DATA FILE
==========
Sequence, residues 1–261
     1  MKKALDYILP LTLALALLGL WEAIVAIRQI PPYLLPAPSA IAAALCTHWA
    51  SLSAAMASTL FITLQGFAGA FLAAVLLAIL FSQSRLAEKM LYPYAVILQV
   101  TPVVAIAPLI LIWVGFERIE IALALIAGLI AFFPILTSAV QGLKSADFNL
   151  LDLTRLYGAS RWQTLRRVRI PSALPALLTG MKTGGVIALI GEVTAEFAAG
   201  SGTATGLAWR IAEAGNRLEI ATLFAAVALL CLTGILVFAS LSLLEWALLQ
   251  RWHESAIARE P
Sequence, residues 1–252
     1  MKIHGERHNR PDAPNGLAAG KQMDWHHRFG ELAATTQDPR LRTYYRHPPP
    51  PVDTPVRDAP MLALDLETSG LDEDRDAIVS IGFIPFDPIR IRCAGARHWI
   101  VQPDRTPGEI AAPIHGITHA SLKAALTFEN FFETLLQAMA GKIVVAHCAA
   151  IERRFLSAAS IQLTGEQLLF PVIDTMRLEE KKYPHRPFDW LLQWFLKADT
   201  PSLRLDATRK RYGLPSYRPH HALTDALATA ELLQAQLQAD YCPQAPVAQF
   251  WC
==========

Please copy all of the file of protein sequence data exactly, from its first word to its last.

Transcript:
Sequence, residues 1–261
     1  MKKALDYILP LTLALALLGL WEAIVAIRQI PPYLLPAPSA IAAALCTHWA
    51  SLSAAMASTL FITLQGFAGA FLAAVLLAIL FSQSRLAEKM LYPYAVILQV
   101  TPVVAIAPLI LIWVGFERIE IALALIAGLI AFFPILTSAV QGLKSADFNL
   151  LDLTRLYGAS RWQTLRRVRI PSALPALLTG MKTGGVIALI GEVTAEFAAG
   201  SGTATGLAWR IAEAGNRLEI ATLFAAVALL CLTGILVFAS LSLLEWALLQ
   251  RWHESAIARE P
Sequence, residues 1–252
     1  MKIHGERHNR PDAPNGLAAG KQMDWHHRFG ELAATTQDPR LRTYYRHPPP
    51  PVDTPVRDAP MLALDLETSG LDEDRDAIVS IGFIPFDPIR IRCAGARHWI
   101  VQPDRTPGEI AAPIHGITHA SLKAALTFEN FFETLLQAMA GKIVVAHCAA
   151  IERRFLSAAS IQLTGEQLLF PVIDTMRLEE KKYPHRPFDW LLQWFLKADT
   201  PSLRLDATRK RYGLPSYRPH HALTDALATA ELLQAQLQAD YCPQAPVAQF
   251  WC